Julie Tim missed home already but she supposed that this was for the best. She walked alone, her old leather jacket billowing in the strong gale. It was cold but she didn’t mind. She was glad she had left. Her home was far behind her, as were her parents. Thank God for that, Good riddance. She walked on, almost bent double against the harsh, bitter wind, squinting her eyes. The neon lights of the city blinded her. She realised she was alone in a cold, heartless city and felt like a child, scared and missing her mother. She walked on nonetheless. She couldn’t go back now. It was too late for that. She pulled the jacket around her, it really was cold. She decided that, even though she wasn’t hungry,she would go into a café.

She walked into a warm looking café called King Café. She bought a coffee and sat down by the window, cradling the coffee for warmth. She brushed her dyed blue hair out of her eyes. She sipped the coffee. It was too hot. She thought of her family and tears immediately threatened to pour, she walked, deceptively calmly, to the bathroom. Once she had locked the door to the cubicle she completely broke down. For God’s sake Julie pull it together she told herself but she couldn’t. The pain was too much.

Once she had cried herself dry she walked out of the small cubicle.She washed the dried blood from her hands. She also washed her face. She stared at herself in the mirror. She looked a mess. Her eyes were puffy, Her windswept hair was all over the place too. She pulled it into a ponytail, her arms shaking. When she was content that she looked halfway decent she left the bathroom.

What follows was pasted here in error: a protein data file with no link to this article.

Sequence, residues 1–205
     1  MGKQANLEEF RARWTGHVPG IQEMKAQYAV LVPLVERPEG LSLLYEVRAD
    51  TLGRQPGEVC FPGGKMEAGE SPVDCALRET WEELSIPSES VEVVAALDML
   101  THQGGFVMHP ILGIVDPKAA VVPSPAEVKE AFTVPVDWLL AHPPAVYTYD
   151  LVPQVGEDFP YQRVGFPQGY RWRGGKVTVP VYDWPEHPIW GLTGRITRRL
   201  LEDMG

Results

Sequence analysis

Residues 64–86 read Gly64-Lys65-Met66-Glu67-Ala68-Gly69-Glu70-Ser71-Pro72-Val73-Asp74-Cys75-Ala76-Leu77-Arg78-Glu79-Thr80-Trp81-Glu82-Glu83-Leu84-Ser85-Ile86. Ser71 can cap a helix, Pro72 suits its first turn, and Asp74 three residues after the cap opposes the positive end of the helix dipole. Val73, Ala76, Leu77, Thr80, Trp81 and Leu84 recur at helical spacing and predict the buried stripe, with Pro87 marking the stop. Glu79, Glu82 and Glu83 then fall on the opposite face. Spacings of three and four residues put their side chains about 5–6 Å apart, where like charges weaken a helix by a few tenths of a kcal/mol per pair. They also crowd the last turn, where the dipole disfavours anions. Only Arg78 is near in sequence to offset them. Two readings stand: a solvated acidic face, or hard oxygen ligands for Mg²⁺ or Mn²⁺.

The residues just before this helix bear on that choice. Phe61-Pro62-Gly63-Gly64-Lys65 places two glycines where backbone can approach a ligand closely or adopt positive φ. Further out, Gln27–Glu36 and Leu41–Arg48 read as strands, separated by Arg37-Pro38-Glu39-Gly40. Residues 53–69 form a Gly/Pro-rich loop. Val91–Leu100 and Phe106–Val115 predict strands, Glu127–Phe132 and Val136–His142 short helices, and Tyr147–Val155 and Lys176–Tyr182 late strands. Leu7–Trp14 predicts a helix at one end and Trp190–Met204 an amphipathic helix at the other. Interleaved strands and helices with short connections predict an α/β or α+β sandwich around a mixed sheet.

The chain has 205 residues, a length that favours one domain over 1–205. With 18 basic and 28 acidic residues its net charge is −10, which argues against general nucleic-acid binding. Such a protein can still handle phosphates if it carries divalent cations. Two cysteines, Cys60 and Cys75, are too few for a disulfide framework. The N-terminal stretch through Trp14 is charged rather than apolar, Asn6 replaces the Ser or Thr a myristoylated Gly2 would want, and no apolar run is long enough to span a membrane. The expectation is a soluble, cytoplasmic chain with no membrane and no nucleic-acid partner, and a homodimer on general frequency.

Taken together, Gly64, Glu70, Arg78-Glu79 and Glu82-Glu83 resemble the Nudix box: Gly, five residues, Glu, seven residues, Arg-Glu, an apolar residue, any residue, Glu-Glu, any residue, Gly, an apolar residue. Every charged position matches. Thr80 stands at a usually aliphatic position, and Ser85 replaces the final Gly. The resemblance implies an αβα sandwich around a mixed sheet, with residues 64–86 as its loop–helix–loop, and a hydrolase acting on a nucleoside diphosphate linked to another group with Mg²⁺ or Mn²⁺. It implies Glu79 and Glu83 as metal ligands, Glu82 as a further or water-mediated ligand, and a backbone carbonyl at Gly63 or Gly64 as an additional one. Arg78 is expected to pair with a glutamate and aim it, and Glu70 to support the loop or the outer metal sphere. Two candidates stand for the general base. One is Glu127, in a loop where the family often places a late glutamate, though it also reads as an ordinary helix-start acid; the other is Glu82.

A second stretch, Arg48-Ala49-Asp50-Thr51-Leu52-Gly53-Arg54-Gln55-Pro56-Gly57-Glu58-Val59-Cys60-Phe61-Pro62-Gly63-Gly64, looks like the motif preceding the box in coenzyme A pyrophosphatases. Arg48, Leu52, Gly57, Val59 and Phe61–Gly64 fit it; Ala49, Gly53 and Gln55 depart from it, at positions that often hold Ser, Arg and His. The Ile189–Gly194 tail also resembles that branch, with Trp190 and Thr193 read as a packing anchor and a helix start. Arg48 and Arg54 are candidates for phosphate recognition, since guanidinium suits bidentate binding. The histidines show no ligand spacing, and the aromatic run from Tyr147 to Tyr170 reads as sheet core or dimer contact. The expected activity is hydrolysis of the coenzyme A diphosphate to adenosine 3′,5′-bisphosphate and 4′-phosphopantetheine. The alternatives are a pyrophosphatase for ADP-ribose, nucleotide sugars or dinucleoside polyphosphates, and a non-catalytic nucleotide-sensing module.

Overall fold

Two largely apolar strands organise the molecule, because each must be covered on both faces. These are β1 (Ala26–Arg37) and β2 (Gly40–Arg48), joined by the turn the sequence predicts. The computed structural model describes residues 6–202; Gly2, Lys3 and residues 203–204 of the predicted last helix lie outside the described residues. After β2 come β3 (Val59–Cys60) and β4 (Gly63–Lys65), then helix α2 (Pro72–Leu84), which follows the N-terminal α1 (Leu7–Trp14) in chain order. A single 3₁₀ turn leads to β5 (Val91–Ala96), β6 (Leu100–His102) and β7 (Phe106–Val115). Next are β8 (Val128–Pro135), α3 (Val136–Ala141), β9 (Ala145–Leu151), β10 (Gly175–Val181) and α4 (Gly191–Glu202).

Her coffee had gone cold. She decided that she should probably leave the King Café. Just as well. She didn’t want to be noticed by too many people. She zipped up her jacket and quietly left the warmth of the café. The unforgiving cold of the city immediately hit her. She thought of how all the other teenagers and children in Lilongwe were bundled up safely in the warmth of their homes. She was lost in her thoughts and accidentally walked into a man who shouted “Watch where you’re going b****” at her. Julie mumbled that she was sorry and walked on.

She soon reached a bridge. She wondered how she had ended up completely alone in a heartless city like Lilongwe.She thought of her family. She thought of how her father had beat her as her mother watched on. She thought of how helpless she had felt. Then she thought of how glad she was that they were both lying dead in their bed, with slits in each of their necks. She had done it whilst they were asleep. She hadn’t wanted to kill her mother but that was necessary. She stared over the edge of the bridge. She took the bloody knife that she had killed her parents with out of her jacket pocket and threw it into the cold, unforgiving depths of the river.

Julie jumped off the bridge. She was killed on impact. Nobody noticed her. Nobody had even cared.